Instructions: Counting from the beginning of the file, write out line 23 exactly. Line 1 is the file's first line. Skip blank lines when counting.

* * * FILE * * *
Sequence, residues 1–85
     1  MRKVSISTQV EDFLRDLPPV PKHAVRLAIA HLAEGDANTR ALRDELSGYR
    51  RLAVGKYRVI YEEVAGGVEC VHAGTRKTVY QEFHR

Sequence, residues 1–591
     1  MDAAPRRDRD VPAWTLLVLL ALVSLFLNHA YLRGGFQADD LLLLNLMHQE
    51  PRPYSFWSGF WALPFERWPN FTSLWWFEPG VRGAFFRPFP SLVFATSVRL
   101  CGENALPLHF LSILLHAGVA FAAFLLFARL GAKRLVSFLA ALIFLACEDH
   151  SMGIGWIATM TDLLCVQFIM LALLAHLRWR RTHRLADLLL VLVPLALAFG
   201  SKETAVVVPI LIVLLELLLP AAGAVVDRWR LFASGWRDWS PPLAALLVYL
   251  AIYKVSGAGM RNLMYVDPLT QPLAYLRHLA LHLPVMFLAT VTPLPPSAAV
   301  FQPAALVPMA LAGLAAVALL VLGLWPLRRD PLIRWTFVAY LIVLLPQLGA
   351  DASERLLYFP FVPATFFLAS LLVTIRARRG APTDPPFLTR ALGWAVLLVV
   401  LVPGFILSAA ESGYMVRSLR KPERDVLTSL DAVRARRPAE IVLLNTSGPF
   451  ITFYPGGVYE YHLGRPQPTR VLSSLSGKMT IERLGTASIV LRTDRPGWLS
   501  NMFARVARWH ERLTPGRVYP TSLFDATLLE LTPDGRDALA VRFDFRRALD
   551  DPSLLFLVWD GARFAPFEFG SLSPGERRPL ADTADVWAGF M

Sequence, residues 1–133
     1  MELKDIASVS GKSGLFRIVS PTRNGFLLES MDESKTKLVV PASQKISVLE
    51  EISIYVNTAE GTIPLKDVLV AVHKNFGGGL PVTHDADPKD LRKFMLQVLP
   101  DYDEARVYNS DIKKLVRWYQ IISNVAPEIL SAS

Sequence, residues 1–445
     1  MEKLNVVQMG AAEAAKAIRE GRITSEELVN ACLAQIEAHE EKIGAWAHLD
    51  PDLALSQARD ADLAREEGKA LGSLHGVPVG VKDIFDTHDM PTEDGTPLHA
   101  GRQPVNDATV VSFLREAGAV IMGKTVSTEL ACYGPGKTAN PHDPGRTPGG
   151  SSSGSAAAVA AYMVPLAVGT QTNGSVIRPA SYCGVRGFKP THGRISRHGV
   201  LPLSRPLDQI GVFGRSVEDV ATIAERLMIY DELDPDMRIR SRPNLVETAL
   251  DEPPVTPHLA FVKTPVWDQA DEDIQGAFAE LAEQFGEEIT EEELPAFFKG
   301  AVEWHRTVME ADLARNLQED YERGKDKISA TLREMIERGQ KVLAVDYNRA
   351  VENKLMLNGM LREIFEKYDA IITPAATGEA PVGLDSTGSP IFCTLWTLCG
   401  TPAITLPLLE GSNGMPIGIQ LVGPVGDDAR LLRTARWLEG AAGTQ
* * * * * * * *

    51  PDLALSQARD ADLAREEGKA LGSLHGVPVG VKDIFDTHDM PTEDGTPLHA